Shape, Build, Run: An academic's perspective.

September 2022 - Helen Brown

We spoke to Dr Crayton Walker about his recent experience of developing a microcredential in collaboration with Educational Enterprise. He offers up some useful insights for other academics who are embarking on the process for the first time.

EE worked with Senior Lecturer in Applied Linguistics, Dr Crayton Walker to develop the University's very first micro-credential on the FutureLearn platform; TESOL: An Introduction to Language Teaching Methodology. It's a ten credit course delivered over 12 weeks with ten hours of learning per week. Designed to give an in-depth taste of postgraduate study, the course is aimed at teachers of TESOL courses (Teaching English to Speakers of Other Languages) who want to gain some formal training and develop their careers. The first run of the course is now complete and has gained excellent student feedback:

‘The mix of mini-lecture videos, quiz-like activities, and exercises were really engaging, and the variety really helped my motivation.’ 

‘By the end of the course I could really see that the course had been building towards a specific goal rather than just general learning of various topics.’

When academics collaborate with us, they often report how much they have learned from the experience of designing online distance learning. Here's Crayton's perspective of working on the course development using EE's processes:

TESOL course

What advice do you have for fellow academics?

‘Online teaching should never be seen as a limited version of face-to-face teaching, in reality it is the other way around. In fact, I think it opens up more possibilities for teaching students.

Close collaboration between the academic and the Learning Designer is key. Helen and I were continuously discussing the possibilities of how best to present the content to make it as engaging as possible for students. The relationship worked well as we were able to feed off each other’s ideas.

Learning by distance should not mean learning alone or in isolation. For this course we set up study groups and designed activities for the students to collaborate asynchronously. I was pleased to see that this encouraged the development of an online learning community in the course. We achieved this by careful structuring of activities and providing specific discussion questions to give students a starting point.’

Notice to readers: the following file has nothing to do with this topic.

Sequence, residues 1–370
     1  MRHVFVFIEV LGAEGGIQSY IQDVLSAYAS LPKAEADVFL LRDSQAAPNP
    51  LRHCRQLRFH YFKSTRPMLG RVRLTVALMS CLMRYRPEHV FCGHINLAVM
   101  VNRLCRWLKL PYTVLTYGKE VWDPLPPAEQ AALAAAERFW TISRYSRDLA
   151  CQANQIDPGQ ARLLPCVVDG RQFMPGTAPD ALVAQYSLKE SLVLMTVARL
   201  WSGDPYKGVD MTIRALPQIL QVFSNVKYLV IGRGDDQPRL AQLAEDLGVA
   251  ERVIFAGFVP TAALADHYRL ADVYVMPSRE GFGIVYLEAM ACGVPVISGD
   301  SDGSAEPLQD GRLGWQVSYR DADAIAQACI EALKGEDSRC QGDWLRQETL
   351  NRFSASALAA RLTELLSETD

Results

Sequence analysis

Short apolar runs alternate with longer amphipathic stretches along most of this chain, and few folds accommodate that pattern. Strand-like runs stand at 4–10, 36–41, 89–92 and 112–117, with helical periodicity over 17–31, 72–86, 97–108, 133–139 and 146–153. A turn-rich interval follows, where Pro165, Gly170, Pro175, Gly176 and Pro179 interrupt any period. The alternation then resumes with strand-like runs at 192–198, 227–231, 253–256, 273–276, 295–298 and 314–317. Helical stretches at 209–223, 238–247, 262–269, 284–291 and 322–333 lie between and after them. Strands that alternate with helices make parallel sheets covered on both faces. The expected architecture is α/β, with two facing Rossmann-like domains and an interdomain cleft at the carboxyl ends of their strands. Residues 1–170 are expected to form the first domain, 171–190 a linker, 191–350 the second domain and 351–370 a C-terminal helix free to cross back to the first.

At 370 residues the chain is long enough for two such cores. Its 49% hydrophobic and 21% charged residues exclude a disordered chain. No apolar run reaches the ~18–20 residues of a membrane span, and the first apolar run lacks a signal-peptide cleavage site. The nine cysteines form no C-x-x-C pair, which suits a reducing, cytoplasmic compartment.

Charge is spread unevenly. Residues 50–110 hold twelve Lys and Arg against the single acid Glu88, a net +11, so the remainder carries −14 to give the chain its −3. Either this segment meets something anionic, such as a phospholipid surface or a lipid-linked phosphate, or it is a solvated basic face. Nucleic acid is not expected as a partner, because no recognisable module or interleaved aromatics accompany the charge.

What did you learn?

‘I learnt a lot of new skills and encountered a range of new ideas for making courses that are innovative and engaging for learners. I now know lots more about the functionality of the FutureLearn and Canvas platform!

I learnt the importance of resourcing a project like this properly as developing high quality online material is both time and resource intensive.’

What were the challenges you faced?

‘My greatest challenge was to keep the daily demands of my job from encroaching on the time which I needed to work on the microcredential. I needed to be able to put the development work at the top of my ‘to-do list’ and have the other demands lower down on the list. It was so important for others in the department to understand the pressures of producing significant amounts of online material and to be allowed to devote the time that was necessary. The work is enjoyable and creative but also time consuming’

The design and build of online distance learning courses is intensive but the bulk of the teaching delivery is done before the course starts. When the course runs, the tutor is free to focus on engaging in discussion forums and providing in-depth feedback to students.

Take away points

Crayton summarises that the development of good online material requires a combination of ‘good ideas, a knowledge of what is possible and time!’ TESOL: An Introduction to Language Teaching Methodology is already in its second run and we look forward to hearing how future cohorts get on!


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